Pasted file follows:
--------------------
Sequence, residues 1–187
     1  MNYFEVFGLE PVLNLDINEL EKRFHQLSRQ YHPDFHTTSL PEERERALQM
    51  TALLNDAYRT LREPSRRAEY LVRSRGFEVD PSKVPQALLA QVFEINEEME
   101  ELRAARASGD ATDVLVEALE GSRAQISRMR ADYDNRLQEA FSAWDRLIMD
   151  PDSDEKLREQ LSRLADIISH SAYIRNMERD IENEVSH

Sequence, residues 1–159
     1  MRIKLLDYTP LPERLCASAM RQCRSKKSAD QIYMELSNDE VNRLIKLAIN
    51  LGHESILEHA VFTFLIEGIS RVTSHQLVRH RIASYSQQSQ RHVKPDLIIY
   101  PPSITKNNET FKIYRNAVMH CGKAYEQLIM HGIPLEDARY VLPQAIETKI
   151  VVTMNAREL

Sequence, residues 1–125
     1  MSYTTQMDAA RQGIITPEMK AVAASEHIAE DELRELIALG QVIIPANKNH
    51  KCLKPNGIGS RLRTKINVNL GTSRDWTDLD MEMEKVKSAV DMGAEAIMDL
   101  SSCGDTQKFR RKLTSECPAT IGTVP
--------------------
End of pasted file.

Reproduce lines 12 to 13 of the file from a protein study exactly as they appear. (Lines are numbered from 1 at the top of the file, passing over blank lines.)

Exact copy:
     1  MSYTTQMDAA RQGIITPEMK AVAASEHIAE DELRELIALG QVIIPANKNH
    51  KCLKPNGIGS RLRTKINVNL GTSRDWTDLD MEMEKVKSAV DMGAEAIMDL